MANAMA, Bahrain – Secretary of State Hillary Clinton ate dinner on Friday only five seats away from Iranian Foreign Minister Manouchehr Mottaki. And although Clinton and Mottaki didn’t speak to each other, or even shake hands, Clinton’s speech had a distinctly warmer tone toward Tehran -- only three days before the next meeting between Iran and the P5+1 countries in Geneva regarding Tehran’s nuclear program.
Addressing the Iranian delegation directly during her opening address to the 2010 IISS Manama Security Dialogue, Clinton said, “In Geneva next week, the P5+1 will meet with representatives from your nation, the first such meeting since October of 2009. We hope that out of this meeting, entered into in good faith, we will see a constructive engagement with respect to your nuclear program. Nearly 2 years ago, President Obama extended to your government a sincere offer of dialogue. We are still committed to this dialogue.”
Clinton then spoke about Iran’s right to have a peaceful nuclear program, focusing on the possible end state if negotiations go well -- rather than harping on the international community’s long list of complaints regarding Iranian behavior.
“The position of the international community is clear. You have the right to a peaceful nuclear program, but with that right comes a reasonable responsibility, that you follow the treaty you signed and fully address the international community’s concerns about your nuclear activity,” she said. “We urge you to make that choice … we urge you to restore the confidence of the international community and live up to your international obligations.”
Clinton went on to praise Iran as the home of one of the world’s greatest civilizations, while noting that the latest IAEA report showed that Iran has not yet made clear it intends to pursue a peaceful resolution to the controversy over its nuclear program.
“We continue to make this offer of engagement with respect for your sovereignty and with regard for your interests, but also with an iron clad commitment to defending global security and the world’s interest in a peaceful and prosperous Gulf region,” she said.
When asked at the conference what Clinton expected to come out of next week’s talks in Geneva, Clinton said, “I believe that is largely in the hands of the Iranians.”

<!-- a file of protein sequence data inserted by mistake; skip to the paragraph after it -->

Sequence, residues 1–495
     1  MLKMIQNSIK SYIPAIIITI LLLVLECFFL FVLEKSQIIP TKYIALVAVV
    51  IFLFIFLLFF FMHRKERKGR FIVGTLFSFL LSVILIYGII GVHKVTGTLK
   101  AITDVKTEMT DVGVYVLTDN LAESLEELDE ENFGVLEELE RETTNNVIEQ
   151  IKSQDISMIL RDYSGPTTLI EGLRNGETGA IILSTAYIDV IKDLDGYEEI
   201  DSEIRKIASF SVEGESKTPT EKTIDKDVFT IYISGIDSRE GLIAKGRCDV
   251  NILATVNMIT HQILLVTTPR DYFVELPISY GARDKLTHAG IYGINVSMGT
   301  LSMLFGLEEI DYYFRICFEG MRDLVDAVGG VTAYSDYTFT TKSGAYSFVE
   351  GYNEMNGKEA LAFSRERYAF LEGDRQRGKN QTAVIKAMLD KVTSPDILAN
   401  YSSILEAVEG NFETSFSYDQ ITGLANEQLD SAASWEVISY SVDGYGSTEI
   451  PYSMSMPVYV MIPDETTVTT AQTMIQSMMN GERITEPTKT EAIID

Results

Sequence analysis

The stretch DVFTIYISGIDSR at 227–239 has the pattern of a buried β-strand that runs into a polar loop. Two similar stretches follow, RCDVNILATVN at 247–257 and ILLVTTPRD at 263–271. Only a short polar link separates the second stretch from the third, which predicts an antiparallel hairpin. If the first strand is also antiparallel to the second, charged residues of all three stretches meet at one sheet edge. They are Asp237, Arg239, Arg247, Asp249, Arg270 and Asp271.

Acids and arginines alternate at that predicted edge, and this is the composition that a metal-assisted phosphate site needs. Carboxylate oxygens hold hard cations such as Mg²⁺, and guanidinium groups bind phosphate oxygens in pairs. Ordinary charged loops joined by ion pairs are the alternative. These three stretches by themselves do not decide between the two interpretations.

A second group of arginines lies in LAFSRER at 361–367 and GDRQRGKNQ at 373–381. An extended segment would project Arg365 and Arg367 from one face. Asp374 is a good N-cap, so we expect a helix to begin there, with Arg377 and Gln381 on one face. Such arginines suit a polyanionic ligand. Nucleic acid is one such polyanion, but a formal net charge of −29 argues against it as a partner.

In an interview Wednesday with the BBC’s Kim Ghattas, Clinton said that Iran was entitled to enrich its own uranium, after it had satisfied international concerns.
"We've told them that they are entitled to the peaceful use of civil nuclear energy, but they haven't yet restored the confidence of the international community to the extent where the international community would feel comfortable allowing them to enrich," Clinton told the BBC. "They can enrich uranium at some future date once they have demonstrated that they can do so in a responsible manner in accordance with international obligations."
Experts in the audience said that Clinton’s remarks about Iran’s right to enrich uranium didn’t mark a change in policy, but noted that her focus on Iran’s sovereign rights and mention of enrichment did mark a new tone ahead of the negotiations in Geneva.
“This has been policy since at least 2008, when the P5+1 put a package proposal to Iran that asked for a suspension of enrichment until Iran restored confidence,” said Mark Fitzpatrick, director of the IISS non-proliferation and disarmament program. “She wasn’t breaking any new ground in terms of the position, but in tone is was totally positive, setting the right mood music for the Geneva talks beginning Monday.”
Mottaki was seated next to, and seemed to get along famously with, Swedish Foreign Minister Carl Bildt.
John Hudson reports on national security and foreign policy from the Pentagon to Foggy Bottom, the White House to Embassy Row, for The Cable.